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4 Myths about the College Experience

This article is written by a student writer from the Her Campus at Simmons chapter.

(The content of this article is based on my own experiences as a Simmons student.) 

Going into my freshman year, I had a lot of assumptions about what my college experience would look like. Between TV, Social Media, and countless adults telling me that these would be the “best years of my life”, there were plenty of unrealistic expectations that I had bought into. However, it was soon apparent that the versions of college displayed amongst popular culture did not exist in normal circumstances—let alone in the context of a global pandemic. 

To all you incoming freshman, I would like to debunk some popular myths about the college experience.


1. Don’t expect to make friends immediately. 

Making friends is difficult in any setting—especially via Zoom your freshman year. Many of you were probably expected to be on campus, meet your roommates, and become best friends with your peers outside of class. This is increasingly difficult in a virtual environment, but take my word for it: friendships take time regardless of the circumstances. My friendship group is still everchanging (even as a junior).  

During college, there are a lot of people who very easily come and go out of your life. Between the influx of new students and the graduation of others, the people you are surrounded with change semester to semester. You must make a conscious effort to stay connected with the people you care about. 

So, get out there and take advantage of every virtual event that you can! The only way that you are going to meet new people and start forming relationships is by putting yourself out there. It may be difficult, and it may not happen immediately, but putting in that extra effort now can make all the difference once you are back on campus!


2. You can be happy without partying.

I am all for a good party, but one’s college social experience is not measured solely based on the numbers of raves they have attended. The great thing about being in Boston is that there are a variety of fun opportunities in our own backyard! My fondest memories of Simmons were the times I spent exploring the city, taking too many trips to target, getting lost in the MFA, and cramming all my friends into my room for movie nights. 

We may not be able to take part in all these pastimes because of Covid, but there are many safe alternatives to these activities. Host a virtual movie or game night, check out those museums (which I hear are opening again), or pack a picnic when the weather is nice.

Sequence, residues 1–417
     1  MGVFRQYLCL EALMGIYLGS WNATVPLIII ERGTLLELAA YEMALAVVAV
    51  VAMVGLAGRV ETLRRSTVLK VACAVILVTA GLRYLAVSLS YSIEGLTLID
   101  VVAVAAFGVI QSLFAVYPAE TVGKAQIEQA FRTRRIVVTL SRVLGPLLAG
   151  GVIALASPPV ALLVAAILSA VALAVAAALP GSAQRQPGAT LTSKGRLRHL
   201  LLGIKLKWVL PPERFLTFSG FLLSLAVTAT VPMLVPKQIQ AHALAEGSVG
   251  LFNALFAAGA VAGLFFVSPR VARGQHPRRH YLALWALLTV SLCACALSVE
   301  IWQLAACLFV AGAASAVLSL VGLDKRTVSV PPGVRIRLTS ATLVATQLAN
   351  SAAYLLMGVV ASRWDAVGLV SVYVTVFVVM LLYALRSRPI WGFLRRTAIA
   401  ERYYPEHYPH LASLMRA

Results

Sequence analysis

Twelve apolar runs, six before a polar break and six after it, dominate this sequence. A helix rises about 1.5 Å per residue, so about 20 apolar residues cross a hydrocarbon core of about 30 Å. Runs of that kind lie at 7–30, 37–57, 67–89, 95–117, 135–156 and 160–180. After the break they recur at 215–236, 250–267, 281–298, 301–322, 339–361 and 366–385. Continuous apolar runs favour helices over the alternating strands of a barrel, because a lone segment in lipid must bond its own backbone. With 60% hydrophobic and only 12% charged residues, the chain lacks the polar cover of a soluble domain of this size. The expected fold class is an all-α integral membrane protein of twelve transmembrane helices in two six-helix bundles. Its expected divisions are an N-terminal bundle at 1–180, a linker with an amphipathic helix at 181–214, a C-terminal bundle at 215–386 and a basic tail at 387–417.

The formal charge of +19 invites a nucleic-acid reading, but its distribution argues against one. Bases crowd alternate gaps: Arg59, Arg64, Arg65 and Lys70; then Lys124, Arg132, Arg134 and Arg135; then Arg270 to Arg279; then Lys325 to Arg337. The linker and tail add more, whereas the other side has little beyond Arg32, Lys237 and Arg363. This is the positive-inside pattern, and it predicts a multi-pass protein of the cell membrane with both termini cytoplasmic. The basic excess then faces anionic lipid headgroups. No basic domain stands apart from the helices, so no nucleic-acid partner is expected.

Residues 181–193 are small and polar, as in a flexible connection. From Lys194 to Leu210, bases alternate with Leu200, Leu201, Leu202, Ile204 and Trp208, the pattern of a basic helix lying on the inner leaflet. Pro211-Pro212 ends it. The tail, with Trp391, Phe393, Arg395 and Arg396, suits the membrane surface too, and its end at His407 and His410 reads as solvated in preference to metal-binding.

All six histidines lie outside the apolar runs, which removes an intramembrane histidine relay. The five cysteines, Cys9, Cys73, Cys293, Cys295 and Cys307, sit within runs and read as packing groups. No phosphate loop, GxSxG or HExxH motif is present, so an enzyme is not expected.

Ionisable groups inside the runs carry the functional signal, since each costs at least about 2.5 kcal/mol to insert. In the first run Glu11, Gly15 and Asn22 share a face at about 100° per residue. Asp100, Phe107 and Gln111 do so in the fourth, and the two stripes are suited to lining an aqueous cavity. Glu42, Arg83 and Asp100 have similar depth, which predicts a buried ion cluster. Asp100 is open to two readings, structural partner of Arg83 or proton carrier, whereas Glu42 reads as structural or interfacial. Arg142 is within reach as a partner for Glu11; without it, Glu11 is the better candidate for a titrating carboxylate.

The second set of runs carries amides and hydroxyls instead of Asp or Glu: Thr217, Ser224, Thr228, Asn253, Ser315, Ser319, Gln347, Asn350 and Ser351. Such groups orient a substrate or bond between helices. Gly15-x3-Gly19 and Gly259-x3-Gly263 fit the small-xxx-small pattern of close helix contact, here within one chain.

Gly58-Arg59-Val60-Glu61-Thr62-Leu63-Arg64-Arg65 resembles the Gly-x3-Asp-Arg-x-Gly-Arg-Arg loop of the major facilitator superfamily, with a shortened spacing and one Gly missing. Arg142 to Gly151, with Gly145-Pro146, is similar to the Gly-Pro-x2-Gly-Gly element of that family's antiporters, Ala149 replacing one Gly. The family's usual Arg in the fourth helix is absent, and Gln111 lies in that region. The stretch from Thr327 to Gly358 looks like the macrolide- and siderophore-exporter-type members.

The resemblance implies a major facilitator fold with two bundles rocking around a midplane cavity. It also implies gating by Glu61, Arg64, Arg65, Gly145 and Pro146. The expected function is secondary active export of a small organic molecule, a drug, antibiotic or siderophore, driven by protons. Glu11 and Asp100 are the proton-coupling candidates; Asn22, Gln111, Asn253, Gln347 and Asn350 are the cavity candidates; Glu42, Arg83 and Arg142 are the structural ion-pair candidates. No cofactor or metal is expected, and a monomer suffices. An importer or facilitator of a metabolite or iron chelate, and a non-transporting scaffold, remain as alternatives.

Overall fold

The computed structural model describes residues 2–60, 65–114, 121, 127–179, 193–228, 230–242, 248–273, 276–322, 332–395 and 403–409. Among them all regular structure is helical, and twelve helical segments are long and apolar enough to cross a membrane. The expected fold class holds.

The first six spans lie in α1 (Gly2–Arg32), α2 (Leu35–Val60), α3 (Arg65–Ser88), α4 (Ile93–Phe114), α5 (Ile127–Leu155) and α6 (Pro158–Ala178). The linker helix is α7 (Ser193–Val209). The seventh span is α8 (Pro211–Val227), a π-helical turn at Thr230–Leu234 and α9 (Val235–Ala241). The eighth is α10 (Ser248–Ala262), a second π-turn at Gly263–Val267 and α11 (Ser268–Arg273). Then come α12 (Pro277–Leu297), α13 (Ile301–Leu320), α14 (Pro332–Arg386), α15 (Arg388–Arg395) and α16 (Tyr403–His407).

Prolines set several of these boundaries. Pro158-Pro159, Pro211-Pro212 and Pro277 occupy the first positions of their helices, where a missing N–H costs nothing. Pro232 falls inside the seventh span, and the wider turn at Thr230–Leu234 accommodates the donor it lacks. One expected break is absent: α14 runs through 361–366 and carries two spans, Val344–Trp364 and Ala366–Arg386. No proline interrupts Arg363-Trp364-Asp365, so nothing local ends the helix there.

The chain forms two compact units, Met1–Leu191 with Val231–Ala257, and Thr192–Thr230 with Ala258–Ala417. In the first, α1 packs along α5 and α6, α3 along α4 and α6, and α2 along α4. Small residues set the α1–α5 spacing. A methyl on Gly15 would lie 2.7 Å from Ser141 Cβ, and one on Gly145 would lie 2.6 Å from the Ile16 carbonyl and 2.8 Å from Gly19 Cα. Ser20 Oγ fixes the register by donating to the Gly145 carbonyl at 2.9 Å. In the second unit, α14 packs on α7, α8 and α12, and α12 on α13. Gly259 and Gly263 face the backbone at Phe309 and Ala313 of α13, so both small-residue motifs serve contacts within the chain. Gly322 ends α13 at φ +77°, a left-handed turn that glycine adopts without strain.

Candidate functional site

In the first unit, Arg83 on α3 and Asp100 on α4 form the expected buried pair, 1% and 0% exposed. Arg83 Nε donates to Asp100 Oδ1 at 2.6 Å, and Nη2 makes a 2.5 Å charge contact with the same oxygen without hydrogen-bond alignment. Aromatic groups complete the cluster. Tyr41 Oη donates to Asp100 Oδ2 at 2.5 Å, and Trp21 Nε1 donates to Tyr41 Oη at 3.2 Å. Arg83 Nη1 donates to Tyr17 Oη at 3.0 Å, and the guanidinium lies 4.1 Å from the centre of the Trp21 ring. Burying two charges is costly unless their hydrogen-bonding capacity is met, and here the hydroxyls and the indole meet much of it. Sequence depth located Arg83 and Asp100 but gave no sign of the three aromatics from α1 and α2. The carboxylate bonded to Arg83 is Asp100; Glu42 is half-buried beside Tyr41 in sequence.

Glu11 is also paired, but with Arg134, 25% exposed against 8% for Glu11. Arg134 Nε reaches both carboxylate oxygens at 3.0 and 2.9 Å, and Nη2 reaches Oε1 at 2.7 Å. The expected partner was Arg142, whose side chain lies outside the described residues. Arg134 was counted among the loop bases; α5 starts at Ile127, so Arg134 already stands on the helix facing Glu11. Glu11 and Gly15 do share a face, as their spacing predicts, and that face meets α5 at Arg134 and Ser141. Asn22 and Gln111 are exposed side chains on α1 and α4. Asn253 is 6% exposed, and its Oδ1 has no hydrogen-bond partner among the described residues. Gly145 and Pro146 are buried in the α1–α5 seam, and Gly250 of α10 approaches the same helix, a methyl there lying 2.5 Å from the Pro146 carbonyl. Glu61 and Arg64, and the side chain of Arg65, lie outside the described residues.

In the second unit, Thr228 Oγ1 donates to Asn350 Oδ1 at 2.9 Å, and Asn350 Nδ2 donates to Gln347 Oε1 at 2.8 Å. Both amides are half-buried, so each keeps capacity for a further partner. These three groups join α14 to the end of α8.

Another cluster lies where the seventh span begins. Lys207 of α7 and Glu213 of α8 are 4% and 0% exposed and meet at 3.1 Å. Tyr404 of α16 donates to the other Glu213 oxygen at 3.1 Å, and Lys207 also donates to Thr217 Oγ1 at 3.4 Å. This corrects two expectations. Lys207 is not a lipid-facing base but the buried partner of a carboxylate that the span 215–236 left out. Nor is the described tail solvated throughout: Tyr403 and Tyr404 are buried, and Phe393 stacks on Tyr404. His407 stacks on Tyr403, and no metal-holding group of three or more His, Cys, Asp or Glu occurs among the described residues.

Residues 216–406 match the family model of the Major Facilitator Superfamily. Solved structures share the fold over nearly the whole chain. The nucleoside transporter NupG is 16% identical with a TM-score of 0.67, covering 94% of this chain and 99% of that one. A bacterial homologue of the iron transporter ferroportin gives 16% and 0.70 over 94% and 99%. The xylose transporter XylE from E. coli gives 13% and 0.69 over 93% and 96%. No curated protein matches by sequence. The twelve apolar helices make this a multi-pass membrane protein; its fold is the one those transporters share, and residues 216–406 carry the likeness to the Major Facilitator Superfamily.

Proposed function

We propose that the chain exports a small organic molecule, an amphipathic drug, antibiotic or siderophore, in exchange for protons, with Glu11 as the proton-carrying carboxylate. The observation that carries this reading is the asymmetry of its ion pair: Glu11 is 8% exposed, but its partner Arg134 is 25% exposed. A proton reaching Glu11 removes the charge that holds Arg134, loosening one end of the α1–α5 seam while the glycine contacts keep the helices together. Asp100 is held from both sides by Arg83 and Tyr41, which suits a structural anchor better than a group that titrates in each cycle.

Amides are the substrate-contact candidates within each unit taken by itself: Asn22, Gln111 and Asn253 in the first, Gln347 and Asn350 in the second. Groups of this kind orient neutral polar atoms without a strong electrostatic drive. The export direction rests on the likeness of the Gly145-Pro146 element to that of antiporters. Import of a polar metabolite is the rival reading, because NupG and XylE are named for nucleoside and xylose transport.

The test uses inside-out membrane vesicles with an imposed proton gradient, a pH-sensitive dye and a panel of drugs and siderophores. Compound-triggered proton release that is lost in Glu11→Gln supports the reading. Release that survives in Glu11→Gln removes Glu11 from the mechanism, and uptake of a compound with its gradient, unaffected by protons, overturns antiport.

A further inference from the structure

When it is finally safe, feel free to party to your heart’s content. Just know that partying is not your only means of having fun.


3. You are not required to meet your “soulmate” in college.

College is a time to make mistakes, grow, and find oneself. However, there seems to be this false idea that you must find our life partner in college or run the risk of dying alone.

This is not true!

It may seem like everyone around you has a perfect relationship, but most people are still just stumbling around in the dark. College is a time for you to focus on yourself and your own happiness. It is completely fine if this scenario includes a partner, but most students don’t have the time or energy to commit to a healthy relationship.

Do not feel pressured to find your happily ever after by the time you graduate. You still have your entire life ahead of you.


4. There is no set timeline.

Like many other students, I entered college with an ideal timeline in mind (Declare my major sophomore year, study abroad my junior year, graduate after 4 years, and if all goes well get an amazing job). In retrospect, this was an unrealistic and privileged way of viewing my time in college. If this pandemic has taught me anything, it is that we cannot predict our futures and plan for every case scenario.

Taking an extra year or semester to get your degree doesn’t make you a failure—as many people may be misconceived to believe. You are not lazy for taking extra time! Burnout is real and everyone is experiencing difficulties during this pandemic. If you need to take time off to care for relatives, make some money, or even just to cope with the trauma of current events, do it! No one worth your time is going to judge you for doing what is best for your education and plenty of people are in the exact same boat.

Amanda Perry is a Junior at Simmons studying English and Communications. When not writing for Her Campus, she can be found looking at cat photos, reading, cooking, binge-watching Netflix or being goofy with friends. She is still recovering from the final season of Game of Thrones and is always on the search for the next great TV series.